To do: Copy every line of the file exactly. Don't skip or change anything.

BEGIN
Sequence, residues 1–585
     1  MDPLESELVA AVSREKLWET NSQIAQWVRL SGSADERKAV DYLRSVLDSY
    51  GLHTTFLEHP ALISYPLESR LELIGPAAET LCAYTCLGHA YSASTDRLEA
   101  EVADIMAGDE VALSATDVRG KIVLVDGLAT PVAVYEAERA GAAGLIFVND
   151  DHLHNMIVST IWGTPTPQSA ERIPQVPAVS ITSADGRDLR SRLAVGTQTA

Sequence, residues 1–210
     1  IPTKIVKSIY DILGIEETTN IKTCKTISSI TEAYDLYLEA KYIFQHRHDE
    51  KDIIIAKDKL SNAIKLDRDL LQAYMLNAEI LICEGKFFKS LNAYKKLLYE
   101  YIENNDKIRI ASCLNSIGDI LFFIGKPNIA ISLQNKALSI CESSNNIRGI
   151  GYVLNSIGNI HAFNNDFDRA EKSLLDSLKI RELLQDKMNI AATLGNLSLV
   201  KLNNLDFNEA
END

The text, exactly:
Sequence, residues 1–585
     1  MDPLESELVA AVSREKLWET NSQIAQWVRL SGSADERKAV DYLRSVLDSY
    51  GLHTTFLEHP ALISYPLESR LELIGPAAET LCAYTCLGHA YSASTDRLEA
   101  EVADIMAGDE VALSATDVRG KIVLVDGLAT PVAVYEAERA GAAGLIFVND
   151  DHLHNMIVST IWGTPTPQSA ERIPQVPAVS ITSADGRDLR SRLAVGTQTA

Sequence, residues 1–210
     1  IPTKIVKSIY DILGIEETTN IKTCKTISSI TEAYDLYLEA KYIFQHRHDE
    51  KDIIIAKDKL SNAIKLDRDL LQAYMLNAEI LICEGKFFKS LNAYKKLLYE
   101  YIENNDKIRI ASCLNSIGDI LFFIGKPNIA ISLQNKALSI CESSNNIRGI
   151  GYVLNSIGNI HAFNNDFDRA EKSLLDSLKI RELLQDKMNI AATLGNLSLV
   201  KLNNLDFNEA